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Today we'll examine what killed King Tut. He was a boy king, a Pharaoh of Egypt who died 3300 years ago.

Tutankhamen, often called King Tut, ascended to the throne at the age of 8 and ruled until his death at 19. As was the custom of the time, the boy king was mummified and buried in Luxor, in the Valley of the Kings.

The tomb remained undiscovered until 1922 when Egyptologist Howard Carter unearthed it - one of the richest tombs ever opened. There were over 5000 artifacts like thrones, beds, chests, golden jewelry, statues and masks. Despite the many studies of his remains, it's a mystery: What killed King Tut.

So often when important historical figures die there are conspiracy theories. A popular one suggested King Tut was murdered by a blow to the head. Finding evidence to prove or disprove this theory has been tough.

The embalming of King Tut involved resins that glued his body to the sarcophagus. When Carter tried removing the mummy, he ended up dismembering King Tut. So the damage he did could not be distinguished from what might have caused his death.

To answer that question scientists recently used a CT scanner to analyze the remains. Despite the mummy's horrible condition, they found evidence King Tut broke his left thigh bone shortly before he died.

Remember, there were no antibiotics 3300 years ago and if he suffered an infection it was probably fatal. Although we'll never know for sure, the best evidence we have supports the theory King Tut died from complications of a broken leg.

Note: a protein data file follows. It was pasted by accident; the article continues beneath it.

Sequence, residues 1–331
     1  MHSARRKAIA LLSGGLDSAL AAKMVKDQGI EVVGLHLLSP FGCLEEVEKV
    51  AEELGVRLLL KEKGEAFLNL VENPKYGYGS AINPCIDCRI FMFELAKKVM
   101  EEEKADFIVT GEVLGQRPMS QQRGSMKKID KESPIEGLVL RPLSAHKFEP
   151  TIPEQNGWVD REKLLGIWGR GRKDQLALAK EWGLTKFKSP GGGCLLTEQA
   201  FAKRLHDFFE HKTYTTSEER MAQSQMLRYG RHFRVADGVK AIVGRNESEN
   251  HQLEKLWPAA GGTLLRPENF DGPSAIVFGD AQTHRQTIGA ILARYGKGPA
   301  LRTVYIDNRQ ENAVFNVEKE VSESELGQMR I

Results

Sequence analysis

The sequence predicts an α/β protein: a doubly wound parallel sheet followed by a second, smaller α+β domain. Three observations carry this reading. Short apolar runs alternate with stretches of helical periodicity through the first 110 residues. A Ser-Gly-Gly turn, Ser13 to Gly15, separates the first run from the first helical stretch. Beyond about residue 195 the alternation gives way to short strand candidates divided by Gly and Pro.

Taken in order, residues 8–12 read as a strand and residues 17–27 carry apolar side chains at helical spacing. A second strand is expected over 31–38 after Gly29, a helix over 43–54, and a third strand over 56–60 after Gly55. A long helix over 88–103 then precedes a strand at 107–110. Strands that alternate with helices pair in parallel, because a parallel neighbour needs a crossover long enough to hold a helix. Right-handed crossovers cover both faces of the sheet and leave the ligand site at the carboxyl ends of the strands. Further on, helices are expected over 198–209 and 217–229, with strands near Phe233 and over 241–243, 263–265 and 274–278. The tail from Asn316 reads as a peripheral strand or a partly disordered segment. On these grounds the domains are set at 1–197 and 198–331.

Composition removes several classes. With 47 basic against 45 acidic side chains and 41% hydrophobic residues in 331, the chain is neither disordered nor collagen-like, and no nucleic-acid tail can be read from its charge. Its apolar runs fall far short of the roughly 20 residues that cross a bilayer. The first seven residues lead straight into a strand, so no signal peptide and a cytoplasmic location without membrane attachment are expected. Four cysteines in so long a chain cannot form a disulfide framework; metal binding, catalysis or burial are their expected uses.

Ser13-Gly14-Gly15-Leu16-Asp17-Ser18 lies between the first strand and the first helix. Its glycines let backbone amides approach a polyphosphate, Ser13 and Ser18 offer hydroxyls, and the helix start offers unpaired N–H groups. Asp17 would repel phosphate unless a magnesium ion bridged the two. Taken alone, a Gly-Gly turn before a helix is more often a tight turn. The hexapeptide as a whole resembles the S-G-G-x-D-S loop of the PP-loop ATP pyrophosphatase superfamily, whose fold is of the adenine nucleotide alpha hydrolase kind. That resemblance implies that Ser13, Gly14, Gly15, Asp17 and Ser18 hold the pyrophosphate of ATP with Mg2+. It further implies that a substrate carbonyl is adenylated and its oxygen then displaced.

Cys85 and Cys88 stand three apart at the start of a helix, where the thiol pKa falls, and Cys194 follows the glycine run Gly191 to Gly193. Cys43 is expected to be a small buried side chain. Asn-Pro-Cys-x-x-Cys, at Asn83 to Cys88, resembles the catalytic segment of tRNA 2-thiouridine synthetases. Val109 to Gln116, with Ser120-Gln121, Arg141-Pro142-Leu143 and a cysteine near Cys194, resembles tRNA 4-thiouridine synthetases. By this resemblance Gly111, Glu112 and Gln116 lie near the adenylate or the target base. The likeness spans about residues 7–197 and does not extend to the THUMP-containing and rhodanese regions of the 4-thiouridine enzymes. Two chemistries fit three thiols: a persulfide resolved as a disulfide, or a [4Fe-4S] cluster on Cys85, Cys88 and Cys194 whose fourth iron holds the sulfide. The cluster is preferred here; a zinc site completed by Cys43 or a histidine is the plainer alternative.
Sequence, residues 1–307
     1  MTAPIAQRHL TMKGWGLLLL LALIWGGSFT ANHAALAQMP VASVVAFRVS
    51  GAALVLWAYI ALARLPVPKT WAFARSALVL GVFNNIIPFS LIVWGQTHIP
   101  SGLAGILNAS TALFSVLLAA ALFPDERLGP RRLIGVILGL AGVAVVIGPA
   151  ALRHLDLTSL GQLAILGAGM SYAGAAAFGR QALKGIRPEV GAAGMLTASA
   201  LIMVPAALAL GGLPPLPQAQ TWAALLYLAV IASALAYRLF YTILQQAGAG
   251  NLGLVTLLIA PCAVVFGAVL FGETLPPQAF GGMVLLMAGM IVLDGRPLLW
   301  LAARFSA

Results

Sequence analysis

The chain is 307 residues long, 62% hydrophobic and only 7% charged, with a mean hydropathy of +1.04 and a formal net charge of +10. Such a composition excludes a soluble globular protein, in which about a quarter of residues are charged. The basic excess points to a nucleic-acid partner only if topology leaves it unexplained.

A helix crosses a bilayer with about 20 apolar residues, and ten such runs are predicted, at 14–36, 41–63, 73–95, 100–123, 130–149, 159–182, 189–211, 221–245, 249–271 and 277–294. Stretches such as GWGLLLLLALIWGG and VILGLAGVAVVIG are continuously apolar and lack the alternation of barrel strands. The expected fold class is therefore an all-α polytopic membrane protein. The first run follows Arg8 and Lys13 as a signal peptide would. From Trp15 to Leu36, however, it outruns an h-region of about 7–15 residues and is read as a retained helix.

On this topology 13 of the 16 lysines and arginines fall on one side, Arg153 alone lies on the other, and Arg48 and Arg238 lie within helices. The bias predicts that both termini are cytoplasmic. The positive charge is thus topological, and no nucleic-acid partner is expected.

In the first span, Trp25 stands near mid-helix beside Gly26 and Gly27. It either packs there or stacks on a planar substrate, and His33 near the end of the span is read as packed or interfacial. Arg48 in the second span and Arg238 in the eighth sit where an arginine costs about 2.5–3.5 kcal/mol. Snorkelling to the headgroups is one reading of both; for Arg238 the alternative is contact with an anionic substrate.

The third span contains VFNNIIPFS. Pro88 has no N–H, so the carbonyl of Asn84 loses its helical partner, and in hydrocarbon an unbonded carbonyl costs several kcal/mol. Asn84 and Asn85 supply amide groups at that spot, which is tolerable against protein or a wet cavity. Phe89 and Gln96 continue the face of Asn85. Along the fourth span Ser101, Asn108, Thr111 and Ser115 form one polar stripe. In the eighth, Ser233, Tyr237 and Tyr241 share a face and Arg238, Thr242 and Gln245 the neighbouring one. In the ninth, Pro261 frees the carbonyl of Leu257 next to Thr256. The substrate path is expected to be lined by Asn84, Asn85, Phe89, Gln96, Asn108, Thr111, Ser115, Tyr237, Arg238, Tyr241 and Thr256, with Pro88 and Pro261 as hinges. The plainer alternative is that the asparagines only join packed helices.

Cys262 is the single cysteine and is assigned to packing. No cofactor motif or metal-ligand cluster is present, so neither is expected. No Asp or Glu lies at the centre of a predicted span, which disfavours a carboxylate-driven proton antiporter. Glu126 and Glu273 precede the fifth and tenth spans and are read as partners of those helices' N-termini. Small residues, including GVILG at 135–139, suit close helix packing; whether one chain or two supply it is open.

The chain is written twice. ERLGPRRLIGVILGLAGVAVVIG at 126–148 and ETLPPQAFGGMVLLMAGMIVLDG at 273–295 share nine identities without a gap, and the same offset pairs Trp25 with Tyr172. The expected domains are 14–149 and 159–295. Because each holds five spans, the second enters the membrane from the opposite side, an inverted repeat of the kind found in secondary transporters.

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National Geographic Magazine article summarizing the results of the CT scan study that demonstrated that King Tut died of the complications of a broken leg. The article provides extensive links to additional information about the life and death of this famous Egyptian Pharoah.
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More on the story appeared at Egypt.com news.
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A transcript of am interview with the secretary-general of the Egyptian Supreme Council of Antiquities Dr. Zahi Hawass confirmed the results of the CT scan performed on the mummy of boy King Tutankhamun.
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A brief history of King Tut.
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Smithsonian magazine provides a detailed article about the history, life and death of King Tut and the CT scan evidence:
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